With 13 catering staff at Glasgow Kelvin College under threat of compulsory redundancy, UNISON has called on Scottish first minister Nicola Sturgeon to uphold the Scottish government’s promise that its college regionalisation programme would not lead to compulsory redundancies
“The first minister must intervene as a matter of urgency,” said UNISON Scotland further education organiser Mandy McDowell, recalling that the government said there would be no need for compulsory redundancies was launched.
Turning to Glasgow Kelvin College, she noted: “Senior managers and college principals paid themselves eye watering final voluntary severance payments, costing the college almost £700,000.”
But now “we we have 13 low-paid loyal workers, facing compulsory redundancy, who have 135 years of public service between them who will receive the bare minimum statutory redundancy pay.
“Staff were promised that there would be no compulsory redundancy at all.
“The Scottish government must stick to its word and treat UNISON members with dignity and respect. Paying off these 13 loyal staff would not be as expensive as paying off one college principal.”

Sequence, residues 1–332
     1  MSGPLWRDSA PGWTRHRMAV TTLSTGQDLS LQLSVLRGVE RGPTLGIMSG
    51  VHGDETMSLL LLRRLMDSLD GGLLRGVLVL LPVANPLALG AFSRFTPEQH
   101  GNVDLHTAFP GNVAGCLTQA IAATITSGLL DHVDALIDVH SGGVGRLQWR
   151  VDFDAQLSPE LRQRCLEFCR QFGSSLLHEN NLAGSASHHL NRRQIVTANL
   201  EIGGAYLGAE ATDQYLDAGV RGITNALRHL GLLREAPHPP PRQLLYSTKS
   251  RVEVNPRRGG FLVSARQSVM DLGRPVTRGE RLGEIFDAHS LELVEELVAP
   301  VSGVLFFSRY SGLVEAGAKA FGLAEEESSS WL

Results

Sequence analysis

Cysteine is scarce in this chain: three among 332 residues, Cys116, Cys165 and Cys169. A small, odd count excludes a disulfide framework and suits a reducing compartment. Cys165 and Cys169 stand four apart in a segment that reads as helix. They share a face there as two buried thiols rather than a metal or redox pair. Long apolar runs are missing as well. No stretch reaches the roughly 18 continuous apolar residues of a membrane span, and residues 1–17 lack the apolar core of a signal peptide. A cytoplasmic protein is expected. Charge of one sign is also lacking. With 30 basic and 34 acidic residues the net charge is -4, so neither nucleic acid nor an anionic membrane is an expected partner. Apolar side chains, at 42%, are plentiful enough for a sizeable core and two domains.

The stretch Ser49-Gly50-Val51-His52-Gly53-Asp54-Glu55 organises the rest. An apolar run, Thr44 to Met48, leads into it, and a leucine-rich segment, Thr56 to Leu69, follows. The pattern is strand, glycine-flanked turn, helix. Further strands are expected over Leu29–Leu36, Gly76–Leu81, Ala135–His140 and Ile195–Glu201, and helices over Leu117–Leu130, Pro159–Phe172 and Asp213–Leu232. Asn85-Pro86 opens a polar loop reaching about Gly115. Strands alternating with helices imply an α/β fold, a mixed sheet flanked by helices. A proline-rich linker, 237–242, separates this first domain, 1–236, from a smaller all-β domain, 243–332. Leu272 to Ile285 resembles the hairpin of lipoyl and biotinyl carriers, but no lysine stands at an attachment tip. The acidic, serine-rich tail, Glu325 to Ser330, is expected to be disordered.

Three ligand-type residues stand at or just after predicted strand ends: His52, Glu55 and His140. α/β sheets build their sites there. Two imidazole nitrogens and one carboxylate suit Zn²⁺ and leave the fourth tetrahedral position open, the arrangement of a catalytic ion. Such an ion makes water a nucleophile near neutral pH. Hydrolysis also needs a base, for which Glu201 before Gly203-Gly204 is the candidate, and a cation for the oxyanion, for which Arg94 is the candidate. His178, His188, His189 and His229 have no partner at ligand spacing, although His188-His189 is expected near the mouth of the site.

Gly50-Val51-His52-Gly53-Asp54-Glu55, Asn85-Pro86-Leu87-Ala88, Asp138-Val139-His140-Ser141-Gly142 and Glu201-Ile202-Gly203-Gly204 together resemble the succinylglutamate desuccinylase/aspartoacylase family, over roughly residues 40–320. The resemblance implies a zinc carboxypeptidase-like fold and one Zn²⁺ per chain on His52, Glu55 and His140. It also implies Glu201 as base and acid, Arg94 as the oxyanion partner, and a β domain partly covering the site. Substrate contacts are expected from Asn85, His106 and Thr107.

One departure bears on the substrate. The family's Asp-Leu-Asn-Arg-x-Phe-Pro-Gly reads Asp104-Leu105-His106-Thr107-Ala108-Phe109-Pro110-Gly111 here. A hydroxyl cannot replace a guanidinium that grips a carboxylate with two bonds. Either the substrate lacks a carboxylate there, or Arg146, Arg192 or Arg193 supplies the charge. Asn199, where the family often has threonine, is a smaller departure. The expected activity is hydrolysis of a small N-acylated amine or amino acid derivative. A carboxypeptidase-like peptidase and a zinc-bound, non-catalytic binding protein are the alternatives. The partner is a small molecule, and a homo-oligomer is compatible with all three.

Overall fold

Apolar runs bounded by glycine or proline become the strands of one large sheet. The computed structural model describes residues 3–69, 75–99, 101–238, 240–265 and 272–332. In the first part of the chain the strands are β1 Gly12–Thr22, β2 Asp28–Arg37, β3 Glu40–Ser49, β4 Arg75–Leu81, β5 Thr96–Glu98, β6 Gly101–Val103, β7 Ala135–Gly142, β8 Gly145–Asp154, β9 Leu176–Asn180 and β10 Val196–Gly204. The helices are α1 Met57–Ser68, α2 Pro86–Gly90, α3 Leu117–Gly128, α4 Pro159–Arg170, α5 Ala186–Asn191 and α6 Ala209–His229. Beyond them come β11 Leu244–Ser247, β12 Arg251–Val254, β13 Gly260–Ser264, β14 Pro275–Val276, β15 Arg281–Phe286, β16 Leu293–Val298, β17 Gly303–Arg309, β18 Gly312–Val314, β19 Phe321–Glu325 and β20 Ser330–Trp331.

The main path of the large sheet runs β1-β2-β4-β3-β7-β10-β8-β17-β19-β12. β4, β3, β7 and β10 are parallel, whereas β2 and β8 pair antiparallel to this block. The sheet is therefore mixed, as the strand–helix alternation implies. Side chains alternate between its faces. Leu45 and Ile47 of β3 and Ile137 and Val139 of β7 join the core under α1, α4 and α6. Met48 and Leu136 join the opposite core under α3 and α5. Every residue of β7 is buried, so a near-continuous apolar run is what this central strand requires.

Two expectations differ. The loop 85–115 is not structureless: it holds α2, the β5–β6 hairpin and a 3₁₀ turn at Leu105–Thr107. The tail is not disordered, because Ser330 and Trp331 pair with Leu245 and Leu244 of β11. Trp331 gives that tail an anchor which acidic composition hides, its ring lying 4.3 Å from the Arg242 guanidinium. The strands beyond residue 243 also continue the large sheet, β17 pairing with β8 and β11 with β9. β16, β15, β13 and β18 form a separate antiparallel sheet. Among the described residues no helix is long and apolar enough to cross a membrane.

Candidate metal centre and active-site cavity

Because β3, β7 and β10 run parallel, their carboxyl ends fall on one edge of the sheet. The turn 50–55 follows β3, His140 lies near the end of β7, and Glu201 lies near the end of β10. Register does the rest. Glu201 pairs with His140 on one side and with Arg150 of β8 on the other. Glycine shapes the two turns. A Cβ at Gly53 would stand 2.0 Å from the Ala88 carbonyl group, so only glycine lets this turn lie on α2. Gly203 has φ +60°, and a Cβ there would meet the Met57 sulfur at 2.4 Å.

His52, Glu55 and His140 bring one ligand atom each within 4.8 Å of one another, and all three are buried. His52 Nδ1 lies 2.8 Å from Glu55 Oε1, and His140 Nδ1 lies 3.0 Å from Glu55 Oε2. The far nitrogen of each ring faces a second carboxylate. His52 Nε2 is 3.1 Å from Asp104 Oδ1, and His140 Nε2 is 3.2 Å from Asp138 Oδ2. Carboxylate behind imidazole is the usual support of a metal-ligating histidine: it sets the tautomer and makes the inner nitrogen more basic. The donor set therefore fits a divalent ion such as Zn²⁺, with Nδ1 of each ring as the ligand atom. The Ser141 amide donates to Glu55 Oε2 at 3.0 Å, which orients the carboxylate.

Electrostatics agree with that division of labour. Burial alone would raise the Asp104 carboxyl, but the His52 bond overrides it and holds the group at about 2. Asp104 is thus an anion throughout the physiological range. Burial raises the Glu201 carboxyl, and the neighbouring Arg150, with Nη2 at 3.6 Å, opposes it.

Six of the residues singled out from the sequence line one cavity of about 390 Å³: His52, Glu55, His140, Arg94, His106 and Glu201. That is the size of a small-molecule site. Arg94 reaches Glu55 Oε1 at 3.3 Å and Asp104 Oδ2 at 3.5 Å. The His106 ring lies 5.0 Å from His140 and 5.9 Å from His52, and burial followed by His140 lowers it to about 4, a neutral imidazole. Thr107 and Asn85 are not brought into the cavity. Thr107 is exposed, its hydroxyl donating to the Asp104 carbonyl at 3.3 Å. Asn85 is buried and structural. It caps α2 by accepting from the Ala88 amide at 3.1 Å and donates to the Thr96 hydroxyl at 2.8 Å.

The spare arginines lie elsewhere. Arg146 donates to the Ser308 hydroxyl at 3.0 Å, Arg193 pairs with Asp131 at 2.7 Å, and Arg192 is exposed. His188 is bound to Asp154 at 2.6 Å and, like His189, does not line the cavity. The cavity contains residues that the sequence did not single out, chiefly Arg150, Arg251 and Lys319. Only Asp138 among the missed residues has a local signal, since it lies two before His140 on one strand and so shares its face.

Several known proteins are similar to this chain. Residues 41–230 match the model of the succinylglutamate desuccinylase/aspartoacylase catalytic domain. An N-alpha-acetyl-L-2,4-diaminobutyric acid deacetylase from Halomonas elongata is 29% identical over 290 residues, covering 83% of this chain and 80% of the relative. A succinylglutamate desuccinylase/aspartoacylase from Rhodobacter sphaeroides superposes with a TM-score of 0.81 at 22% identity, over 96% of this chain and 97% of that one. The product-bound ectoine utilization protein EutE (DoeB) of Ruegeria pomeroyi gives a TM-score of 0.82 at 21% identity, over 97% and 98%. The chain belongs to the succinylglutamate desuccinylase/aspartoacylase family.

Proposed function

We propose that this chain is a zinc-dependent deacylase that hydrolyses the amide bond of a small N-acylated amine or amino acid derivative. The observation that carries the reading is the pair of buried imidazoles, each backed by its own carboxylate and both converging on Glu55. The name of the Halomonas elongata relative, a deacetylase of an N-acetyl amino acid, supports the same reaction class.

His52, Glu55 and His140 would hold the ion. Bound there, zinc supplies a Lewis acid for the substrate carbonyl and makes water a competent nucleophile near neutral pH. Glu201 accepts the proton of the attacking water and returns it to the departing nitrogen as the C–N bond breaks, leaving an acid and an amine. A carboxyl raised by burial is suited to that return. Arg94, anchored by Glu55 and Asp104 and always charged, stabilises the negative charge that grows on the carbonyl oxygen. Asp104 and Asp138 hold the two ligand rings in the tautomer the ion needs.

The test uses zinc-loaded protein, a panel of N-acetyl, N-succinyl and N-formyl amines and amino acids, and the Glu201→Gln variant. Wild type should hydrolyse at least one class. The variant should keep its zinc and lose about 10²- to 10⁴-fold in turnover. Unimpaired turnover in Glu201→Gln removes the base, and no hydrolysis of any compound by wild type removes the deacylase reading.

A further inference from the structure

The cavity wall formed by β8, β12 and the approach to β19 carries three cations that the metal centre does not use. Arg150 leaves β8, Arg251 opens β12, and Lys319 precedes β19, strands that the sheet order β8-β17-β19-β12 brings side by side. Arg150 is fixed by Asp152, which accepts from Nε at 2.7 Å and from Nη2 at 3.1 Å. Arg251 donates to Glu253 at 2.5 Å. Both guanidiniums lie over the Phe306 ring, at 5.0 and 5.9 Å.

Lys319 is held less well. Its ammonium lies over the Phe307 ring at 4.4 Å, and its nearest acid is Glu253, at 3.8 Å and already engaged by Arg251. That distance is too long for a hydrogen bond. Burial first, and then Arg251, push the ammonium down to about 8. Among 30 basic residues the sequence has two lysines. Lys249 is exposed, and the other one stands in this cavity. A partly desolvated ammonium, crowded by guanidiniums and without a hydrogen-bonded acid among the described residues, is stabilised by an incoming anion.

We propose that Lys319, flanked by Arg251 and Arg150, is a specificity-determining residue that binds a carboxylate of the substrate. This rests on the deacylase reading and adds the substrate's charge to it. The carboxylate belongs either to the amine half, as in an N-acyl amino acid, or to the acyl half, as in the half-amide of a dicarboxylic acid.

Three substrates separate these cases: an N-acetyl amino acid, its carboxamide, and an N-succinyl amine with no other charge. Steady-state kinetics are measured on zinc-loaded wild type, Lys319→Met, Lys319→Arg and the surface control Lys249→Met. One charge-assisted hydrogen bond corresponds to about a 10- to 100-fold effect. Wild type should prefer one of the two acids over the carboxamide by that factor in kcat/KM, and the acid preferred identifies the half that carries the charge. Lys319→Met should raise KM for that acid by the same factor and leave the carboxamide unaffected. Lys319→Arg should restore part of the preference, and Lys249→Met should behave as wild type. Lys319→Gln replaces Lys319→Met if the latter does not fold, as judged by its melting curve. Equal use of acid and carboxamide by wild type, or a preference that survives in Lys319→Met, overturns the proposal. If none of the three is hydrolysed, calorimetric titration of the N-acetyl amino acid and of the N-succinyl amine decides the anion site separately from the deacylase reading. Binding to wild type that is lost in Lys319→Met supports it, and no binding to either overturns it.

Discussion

The redundancy threat follows March’s announcement by the college board that it will close the college’s City campus in July 2016, ending its contract with private catering contractor Elior.
This means that the catering staff on that campus – mainly part-time low paid women and men who barely make the living wage – are facing redundancy, with the college saying it will only pay statutory redundancy payments.
They were transferred to the private contractor from what was then the Stow college in 2012, under TUPE.
UNISON has also written to Scottish Funding Council chief executive Lawrence Howells, calling for the council to make extra resources available so that, if staff are not transferred to another college campus, they can at least get the enhanced redundancy payment of 12 months salary.
This would give them some financial security if they are force to find other jobs.